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COMMENTARY

Education on cyber-crime risks key in tackling rising complexity of cyber security

CYBER crime is big business - the cost has been calculated globally at US$114 billion a year - and has been identified as a major world threat.

It also has a disproportionately large effect on technologically-sophisticated nations like Singapore, where it has been estimated that as many as 70 per cent of the people will be victims of cyber crime of one sort or another in their lifetime. What's more, it's not simply unsuspecting consumers who are targeted. Last December, 17 government websites had their data compromised.

The problem is now only increasing. Indeed, a recent report by Carbon Black revealed that some 96 per cent of 250 local organisations surveyed have suffered a cyber security breach in the last 12 months, with increasingly sophisticated tactics. While the same report also reveals that most firms have cyber security measures in place, it is clear that businesses need a smarter approach to gear up against complex cyber crimes.

NEW TECH, NEW THREATS

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With more employees using mobile devices and social networks at work, the opportunities for cyber criminals have only grown. At the same time, many users are not as security-conscious with these devices as they might be with their computers. As people have more devices, it seems they are becoming less focused on security; a survey by Norton Cybercrime found 41 per cent of users in Singapore did not use complex passwords or change their password frequently.

This has profound implications for businesses, which are becoming wireless alongside consumers. Not only do many businesses use social networking tools, but developments such as cloud computing and Bring Your Own Device (BYOD) mean they are more vulnerable than ever. All this sits alongside "traditional" attacks on infrastructure, meaning that cyber criminals now have a wide range of methods to damage a company.

Businesses should consider cyber risks in all their activities as there are various motivations for cyber crime. Apart from the lucrative financial fraud, data theft is also attractive to criminals, and this is not necessarily limited to commercially sensitive data or intellectual property. Departments like human resources and legal affairs, which are typically viewed as low risk, hold highly confidential data that can be disastrous if they fall in the wrong hands. It is thus crucial that cyber risk is not pigeonholed as an IT matter or limited to a few departments.

How can businesses protect themselves against cyber criminals?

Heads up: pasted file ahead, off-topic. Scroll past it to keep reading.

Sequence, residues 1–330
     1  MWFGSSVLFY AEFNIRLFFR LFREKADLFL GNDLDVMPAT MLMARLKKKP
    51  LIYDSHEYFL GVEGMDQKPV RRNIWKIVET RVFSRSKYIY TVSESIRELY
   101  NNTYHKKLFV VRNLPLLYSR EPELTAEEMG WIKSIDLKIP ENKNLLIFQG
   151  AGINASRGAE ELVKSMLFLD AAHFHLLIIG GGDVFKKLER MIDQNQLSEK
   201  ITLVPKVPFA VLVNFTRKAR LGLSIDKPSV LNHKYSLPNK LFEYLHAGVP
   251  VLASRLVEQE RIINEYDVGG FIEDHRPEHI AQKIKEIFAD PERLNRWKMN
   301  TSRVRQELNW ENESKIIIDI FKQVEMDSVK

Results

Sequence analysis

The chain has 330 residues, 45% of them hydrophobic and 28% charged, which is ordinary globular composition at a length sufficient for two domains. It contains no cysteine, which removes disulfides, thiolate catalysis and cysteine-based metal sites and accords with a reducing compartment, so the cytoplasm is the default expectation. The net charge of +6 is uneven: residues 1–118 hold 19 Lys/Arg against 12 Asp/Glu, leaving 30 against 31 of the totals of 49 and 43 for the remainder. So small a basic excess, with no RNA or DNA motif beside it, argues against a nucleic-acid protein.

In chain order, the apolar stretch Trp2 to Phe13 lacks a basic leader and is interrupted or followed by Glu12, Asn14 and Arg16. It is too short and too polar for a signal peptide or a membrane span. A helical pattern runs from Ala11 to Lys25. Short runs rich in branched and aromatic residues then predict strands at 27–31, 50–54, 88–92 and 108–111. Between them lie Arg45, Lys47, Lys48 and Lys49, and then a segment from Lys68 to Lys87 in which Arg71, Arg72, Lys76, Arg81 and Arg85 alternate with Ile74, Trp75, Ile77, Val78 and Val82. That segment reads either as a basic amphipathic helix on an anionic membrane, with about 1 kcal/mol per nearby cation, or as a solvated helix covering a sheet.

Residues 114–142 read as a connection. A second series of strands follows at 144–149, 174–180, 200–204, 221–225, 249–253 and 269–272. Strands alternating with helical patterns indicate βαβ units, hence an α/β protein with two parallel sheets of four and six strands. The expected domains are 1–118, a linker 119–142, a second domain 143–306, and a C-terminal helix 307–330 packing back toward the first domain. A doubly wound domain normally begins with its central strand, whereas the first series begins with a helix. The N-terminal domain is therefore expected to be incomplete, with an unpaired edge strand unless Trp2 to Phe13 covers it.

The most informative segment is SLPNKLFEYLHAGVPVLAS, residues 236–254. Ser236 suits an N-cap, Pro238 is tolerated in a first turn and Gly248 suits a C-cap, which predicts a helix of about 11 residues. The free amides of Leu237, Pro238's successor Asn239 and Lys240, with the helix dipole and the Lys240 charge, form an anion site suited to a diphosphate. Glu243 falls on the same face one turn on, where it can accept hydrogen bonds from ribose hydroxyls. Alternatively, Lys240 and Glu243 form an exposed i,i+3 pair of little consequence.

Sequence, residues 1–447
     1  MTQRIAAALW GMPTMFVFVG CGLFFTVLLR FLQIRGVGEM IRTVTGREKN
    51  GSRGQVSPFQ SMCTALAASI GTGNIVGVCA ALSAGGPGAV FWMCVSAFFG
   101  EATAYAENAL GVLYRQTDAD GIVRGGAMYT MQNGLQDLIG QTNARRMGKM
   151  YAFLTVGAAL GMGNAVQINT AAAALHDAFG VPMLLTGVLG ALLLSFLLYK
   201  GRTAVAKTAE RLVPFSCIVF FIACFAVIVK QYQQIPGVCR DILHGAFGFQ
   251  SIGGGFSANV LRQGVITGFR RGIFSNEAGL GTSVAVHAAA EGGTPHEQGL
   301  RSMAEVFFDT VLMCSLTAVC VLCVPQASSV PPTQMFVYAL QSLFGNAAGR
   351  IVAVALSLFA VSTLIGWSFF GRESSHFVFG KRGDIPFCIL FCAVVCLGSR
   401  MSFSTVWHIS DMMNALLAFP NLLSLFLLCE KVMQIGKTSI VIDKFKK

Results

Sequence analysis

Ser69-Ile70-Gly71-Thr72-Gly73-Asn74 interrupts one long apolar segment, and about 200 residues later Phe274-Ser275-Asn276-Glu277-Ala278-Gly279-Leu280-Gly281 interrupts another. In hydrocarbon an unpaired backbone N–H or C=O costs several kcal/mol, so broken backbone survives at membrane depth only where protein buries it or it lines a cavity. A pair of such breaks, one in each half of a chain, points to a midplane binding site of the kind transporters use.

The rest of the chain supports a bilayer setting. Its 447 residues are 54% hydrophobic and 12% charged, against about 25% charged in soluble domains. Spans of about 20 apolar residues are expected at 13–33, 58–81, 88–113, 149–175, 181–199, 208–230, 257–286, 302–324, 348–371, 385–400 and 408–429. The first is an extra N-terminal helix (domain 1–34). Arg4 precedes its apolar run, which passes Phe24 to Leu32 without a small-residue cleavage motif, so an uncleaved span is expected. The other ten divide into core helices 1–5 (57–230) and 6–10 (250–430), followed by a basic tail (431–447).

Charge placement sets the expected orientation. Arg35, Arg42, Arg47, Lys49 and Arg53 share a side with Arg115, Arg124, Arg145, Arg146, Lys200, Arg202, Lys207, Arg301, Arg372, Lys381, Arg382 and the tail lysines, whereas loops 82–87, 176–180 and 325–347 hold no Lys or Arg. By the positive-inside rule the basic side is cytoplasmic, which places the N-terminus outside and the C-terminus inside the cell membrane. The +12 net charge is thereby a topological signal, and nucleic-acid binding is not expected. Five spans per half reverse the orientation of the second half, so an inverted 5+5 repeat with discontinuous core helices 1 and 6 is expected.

Firstly, it is vital that those at the top are aware and sensitive to cyber crime and best practices. As technology is constantly shifting, it can be that more senior and experienced employees are not completely up to speed with the latest developments. However, they are also the most likely targets for criminals. As the tone in companies is set from the top, having cyber-savvy leadership should translate into a cyber risk-aware culture throughout the organisation.

Secondly, cyber skills should be prioritised, and regular training made available for all employees. It is critical that they have access to the knowledge and processes that enable them to protect the company at all levels, given the increase in frequency of cyber attacks across departments.

Thirdly, regular re-assessment of potential threats is needed. Unfortunately, the nature of technology means that threats are constantly changing, and the ways in which a company can be attacked changes by the week.

PLAN FOR THE WORST

The above are all good preventive measures, but organisations also need to ensure plans are in place in the event of a cyber attack. This means clear and transparent policies and steps to take when a cyber attack happens or when a crime is suspected. Many businesses have good response plans in place to ensure business continuity in the face of other disasters; cyber crimes should be given the same priority. By accepting that their security will be compromised, this can result in a different mindset, one that will help to broaden cyber security activities beyond prevention to include intelligence, detection and response.

Finally, companies will contribute greatly to fighting against cyber crime if they are prepared to share knowledge internally and with peers. Increasing information sharing is the best way to help build up a picture of the reality of the threats facing businesses, governments and consumers alike. By building a better understanding of what is going on, the spread of incidents can be reduced.

CRIME IS CRIME

The fact is - cyber crime is not that different from other crimes, except for the medium and method. As business advisers, the accountancy profession needs to help ensure that clients are aware of the major threats to their businesses.

Technology has enabled businesses to do many things that were unachievable half a century ago, but along with this has come the potential to abuse these new methods of data storage and communication. By educating them on the potential threats and counter-measures, companies can be better prepared to manage the risks of cyber crime as they would with any other threat.

  • The writer is regional director for Greater China and South-east Asia in the Institute of Chartered Accountants in England and Wales (ICAEW)